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postgraduate thesis: Family dinner and youth risk behaviors

TitleFamily dinner and youth risk behaviors
Authors
Issue Date2012
PublisherThe University of Hong Kong (Pokfulam, Hong Kong)
Citation
Wong, N. M. [王雅穎]. (2012). Family dinner and youth risk behaviors. (Thesis). University of Hong Kong, Pokfulam, Hong Kong SAR. Retrieved from http://dx.doi.org/10.5353/th_b4842625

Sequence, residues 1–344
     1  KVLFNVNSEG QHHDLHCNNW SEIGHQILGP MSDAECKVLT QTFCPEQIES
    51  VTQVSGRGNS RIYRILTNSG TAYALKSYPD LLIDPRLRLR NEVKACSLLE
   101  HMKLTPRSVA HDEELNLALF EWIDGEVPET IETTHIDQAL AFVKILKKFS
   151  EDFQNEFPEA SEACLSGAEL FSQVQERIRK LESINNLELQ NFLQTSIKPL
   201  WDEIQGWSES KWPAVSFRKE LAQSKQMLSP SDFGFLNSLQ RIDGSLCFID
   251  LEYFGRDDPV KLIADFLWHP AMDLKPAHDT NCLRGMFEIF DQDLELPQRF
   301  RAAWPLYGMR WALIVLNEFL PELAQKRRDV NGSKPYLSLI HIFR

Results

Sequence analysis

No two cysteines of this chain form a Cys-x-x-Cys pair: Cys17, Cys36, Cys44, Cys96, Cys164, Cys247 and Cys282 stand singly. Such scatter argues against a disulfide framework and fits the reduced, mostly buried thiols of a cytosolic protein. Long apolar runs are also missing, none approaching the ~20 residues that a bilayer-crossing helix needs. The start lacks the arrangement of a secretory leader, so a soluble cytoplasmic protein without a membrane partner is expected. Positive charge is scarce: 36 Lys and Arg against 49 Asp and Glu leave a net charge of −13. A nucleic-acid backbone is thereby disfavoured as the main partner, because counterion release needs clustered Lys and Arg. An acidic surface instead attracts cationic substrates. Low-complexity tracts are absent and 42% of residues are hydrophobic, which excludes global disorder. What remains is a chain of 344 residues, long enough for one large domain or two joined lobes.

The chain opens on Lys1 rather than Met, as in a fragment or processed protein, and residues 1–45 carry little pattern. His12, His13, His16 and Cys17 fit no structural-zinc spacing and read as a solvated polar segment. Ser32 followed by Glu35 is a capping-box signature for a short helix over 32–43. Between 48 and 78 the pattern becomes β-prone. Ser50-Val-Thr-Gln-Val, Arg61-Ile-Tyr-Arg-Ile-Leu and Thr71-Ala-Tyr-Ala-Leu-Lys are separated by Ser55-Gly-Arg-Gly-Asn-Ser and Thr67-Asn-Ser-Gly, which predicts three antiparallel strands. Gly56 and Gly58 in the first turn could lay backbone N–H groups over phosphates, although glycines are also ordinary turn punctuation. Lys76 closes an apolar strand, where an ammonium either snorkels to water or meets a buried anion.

AbstractBackground: Adolescent risk behaviors are important public health problems worldwide. They can lead to significant mortalities and morbidities. Common and important adolescent risk behaviors include tobacco smoking, alcohol drinking, drug abuse, dating, sexual activity, suicide, participation in fighting and gambling. Various factors were studied on the association with youth risk behaviors. Families, schools and communities play important roles. Having meals with families have been shown to be associated with less risk behaviors in youths in other studies. However, there is no study on the association between family dinner and youth risk behaviors in Hong Kong. Objectives: The objectives of the current study are to test for any association between the frequency of family dinner and youth risk behaviors and to raise the public awareness of the importance of youth risk behaviors and the associated factors. Methods: The data in the current study was extracted from the Child Health Survey (CHS) conducted in 2005/2006. The CHS was commissioned by the Surveillance and Epidemiology Branch Centre for Health Protection under Department of Health. Children in the age group of 11 to 14 years old were included in this study. In CHS, self-administered questionnaires including Child Behavior Checklist (CBCL) and Child Health Questionnaire (CHQ) which were validated were completed by the parent. For children of 11 to 14 years of age, except those who were mentally handicapped, data on quality of life, psychological assessment and risk behaviors were collected through a separate face-to-face interview and a self- administered questionnaire in Chinese. The association between number of family dinners per week and youth problems including smoking, alcohol drinking, drug abuse, dating, sexual experience, suicidal ideation, participation in fighting and gambling were tested using univariate analysis. Risk behaviors found to be significantly associated with frequency of family dinner were further tested by adjustment of possible confounders using logistic regression. Results: Family dinner of 3 times or more per week was associated with less alcohol drinking, dating and participation in fighting. Alcohol drinking, sexual experience and peer smoking were significantly associated with youth smoking. Youth alcohol drinking was found to be associated with smoking, dating, gambling and externalization problem. Smoking and alcohol drinking were significantly associated with dating. Alcohol drinking, drug abuse, participation in fighting, anxiety and depression problem were associated with suicidal ideation. Suicidal ideation, gambling, anxiety and depression problem, and externalization problem were significantly associated with participation in fighting. Factors associated with youth gambling included alcohol drinking, suicidal ideation and participation in fighting. Conclusion: Family dinner is likely to be a protective factor against certain youth risk behaviors, including alcohol drinking, youth dating and participation in fighting. It should be promoted to all families in Hong Kong. Youth risk behaviors were inter-related. Detection of one youth risk problem should prompt the detection of other risk problems.